We want people to remain healthy and independent for longer, reducing their need for health and social care as they grow older.
We are working in a number of ways to help people age more healthily, reducing their risk of preventable ill-health and disability. This includes working in coalition with others to address smoking, obesity, and harmful levels of alcohol consumption.
If we want to see more people keeping in good health for longer, we need to do more to prevent and delay ill-health in the first place. Smoking, harmful levels of alcohol consumption, unhealthy diets and physical inactivity are some of biggest contributors to ill-health as we grow older.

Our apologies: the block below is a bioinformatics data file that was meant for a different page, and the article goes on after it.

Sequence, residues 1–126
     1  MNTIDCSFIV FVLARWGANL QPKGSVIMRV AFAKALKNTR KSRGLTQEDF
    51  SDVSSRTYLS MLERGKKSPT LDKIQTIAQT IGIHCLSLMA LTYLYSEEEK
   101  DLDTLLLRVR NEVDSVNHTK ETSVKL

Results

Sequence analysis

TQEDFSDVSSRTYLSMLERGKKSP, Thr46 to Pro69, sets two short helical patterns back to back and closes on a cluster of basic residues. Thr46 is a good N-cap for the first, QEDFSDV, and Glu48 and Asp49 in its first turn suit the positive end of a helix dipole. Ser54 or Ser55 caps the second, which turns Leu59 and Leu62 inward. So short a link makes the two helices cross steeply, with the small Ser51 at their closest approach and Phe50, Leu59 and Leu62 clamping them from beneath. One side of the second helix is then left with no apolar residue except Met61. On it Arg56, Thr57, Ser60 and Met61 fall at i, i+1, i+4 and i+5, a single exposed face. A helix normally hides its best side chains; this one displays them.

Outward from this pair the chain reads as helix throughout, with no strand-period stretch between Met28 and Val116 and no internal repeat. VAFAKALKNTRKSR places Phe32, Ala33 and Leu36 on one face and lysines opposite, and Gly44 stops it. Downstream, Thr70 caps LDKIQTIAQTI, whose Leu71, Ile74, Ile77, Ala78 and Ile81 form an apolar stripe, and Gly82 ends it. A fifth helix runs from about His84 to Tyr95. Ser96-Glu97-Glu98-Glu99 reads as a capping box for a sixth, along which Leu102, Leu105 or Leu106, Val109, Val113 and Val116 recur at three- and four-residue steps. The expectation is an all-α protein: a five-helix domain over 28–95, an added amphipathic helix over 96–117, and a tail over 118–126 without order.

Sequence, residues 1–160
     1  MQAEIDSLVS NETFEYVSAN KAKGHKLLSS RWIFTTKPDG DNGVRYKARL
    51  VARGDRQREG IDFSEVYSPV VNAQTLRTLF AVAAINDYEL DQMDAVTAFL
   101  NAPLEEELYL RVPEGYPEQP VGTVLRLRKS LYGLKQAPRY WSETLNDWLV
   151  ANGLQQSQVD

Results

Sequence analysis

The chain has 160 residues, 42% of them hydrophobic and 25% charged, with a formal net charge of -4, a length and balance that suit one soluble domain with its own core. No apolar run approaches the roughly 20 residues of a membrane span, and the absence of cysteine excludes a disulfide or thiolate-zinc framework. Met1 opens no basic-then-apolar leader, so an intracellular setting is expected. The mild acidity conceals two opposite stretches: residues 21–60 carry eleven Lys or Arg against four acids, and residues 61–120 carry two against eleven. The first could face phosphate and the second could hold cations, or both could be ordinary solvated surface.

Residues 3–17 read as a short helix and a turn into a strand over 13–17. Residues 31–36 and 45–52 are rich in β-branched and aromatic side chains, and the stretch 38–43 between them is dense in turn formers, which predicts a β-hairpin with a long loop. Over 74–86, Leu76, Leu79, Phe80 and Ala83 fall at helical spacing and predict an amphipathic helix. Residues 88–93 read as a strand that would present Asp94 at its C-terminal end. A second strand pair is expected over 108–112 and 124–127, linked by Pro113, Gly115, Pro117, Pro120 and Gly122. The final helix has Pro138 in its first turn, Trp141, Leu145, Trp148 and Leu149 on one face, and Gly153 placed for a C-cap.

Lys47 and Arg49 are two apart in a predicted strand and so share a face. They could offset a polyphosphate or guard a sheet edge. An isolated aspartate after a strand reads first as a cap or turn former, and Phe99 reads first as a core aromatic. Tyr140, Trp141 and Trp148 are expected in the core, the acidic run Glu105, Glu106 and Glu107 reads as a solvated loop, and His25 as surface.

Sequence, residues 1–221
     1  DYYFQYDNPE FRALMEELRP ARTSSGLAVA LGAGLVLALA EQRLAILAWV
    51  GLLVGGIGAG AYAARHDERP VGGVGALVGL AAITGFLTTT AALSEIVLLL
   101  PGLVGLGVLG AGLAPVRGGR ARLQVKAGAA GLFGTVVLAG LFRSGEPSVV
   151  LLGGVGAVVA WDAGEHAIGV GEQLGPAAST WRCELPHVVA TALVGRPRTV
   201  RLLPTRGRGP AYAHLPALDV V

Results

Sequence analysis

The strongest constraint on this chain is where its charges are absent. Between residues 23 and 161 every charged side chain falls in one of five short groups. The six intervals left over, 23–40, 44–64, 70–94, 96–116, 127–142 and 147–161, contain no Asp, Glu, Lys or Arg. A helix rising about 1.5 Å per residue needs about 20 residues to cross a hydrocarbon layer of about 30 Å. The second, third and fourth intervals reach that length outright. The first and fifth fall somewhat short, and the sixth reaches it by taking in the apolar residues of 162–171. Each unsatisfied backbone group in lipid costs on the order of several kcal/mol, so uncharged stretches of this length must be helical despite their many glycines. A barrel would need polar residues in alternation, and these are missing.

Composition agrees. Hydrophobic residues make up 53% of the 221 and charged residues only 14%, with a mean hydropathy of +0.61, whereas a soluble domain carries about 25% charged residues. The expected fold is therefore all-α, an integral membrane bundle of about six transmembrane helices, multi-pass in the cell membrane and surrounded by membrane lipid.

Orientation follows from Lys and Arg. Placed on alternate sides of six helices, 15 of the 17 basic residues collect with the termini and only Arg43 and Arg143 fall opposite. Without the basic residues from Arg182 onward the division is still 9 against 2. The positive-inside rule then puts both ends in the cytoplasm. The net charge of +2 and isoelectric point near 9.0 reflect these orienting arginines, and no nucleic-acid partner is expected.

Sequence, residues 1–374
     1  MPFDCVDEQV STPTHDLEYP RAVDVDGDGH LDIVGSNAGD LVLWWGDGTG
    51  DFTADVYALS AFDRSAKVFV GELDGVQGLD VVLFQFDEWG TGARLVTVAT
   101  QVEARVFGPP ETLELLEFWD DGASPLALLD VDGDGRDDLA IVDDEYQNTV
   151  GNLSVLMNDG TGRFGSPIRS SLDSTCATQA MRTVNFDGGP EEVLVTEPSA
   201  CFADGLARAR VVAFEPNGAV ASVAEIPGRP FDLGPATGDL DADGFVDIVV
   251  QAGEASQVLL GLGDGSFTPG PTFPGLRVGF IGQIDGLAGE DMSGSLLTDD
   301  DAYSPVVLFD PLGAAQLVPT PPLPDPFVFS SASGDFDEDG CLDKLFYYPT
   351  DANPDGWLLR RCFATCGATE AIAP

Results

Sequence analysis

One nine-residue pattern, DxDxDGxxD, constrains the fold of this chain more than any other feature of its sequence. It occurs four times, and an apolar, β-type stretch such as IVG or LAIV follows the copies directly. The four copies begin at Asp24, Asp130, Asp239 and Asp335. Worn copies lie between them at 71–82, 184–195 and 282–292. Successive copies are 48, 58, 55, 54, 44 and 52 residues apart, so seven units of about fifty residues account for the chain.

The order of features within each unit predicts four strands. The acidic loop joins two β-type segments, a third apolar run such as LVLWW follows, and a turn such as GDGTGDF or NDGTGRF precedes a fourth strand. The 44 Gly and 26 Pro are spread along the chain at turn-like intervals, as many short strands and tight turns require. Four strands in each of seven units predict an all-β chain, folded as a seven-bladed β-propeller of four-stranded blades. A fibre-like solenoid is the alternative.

These risk factors are also closely linked to socioeconomic advantage – people from poorer backgrounds are more likely to live in environments and face circumstances where it is much more difficult to make healthy choices compared to richer people. For example, it is very difficult for us to make healthy choices if we live in environments where it is unsafe to walk to cycle or where unhealthy food and drink are relentlessly marketed and discounted while healthier options are harder to access.
Addressing smoking, alcohol, obesity and physical inactivity therefore has the potential to not only increase the number of years we spend in good health, it can also help to reduce the gap in healthy life years between the richest and the poorest.